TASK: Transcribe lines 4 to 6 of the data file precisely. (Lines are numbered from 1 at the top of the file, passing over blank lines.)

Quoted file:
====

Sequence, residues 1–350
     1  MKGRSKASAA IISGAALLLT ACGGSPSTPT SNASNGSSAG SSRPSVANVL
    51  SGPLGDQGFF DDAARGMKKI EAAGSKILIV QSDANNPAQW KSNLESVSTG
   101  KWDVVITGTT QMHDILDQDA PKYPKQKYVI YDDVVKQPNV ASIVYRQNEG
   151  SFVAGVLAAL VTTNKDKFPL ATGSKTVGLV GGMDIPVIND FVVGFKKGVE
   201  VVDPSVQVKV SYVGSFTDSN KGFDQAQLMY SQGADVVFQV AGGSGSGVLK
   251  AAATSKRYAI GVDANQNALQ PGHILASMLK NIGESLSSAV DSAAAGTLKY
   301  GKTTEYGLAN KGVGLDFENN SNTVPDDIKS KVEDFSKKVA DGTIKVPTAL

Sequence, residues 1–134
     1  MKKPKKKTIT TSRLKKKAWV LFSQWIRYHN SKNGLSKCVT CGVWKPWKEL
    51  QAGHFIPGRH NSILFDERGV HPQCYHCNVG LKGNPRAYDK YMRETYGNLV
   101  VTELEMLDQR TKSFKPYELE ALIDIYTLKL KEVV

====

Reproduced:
   101  KWDVVITGTT QMHDILDQDA PKYPKQKYVI YDDVVKQPNV ASIVYRQNEG
   151  SFVAGVLAAL VTTNKDKFPL ATGSKTVGLV GGMDIPVIND FVVGFKKGVE
   201  VVDPSVQVKV SYVGSFTDSN KGFDQAQLMY SQGADVVFQV AGGSGSGVLK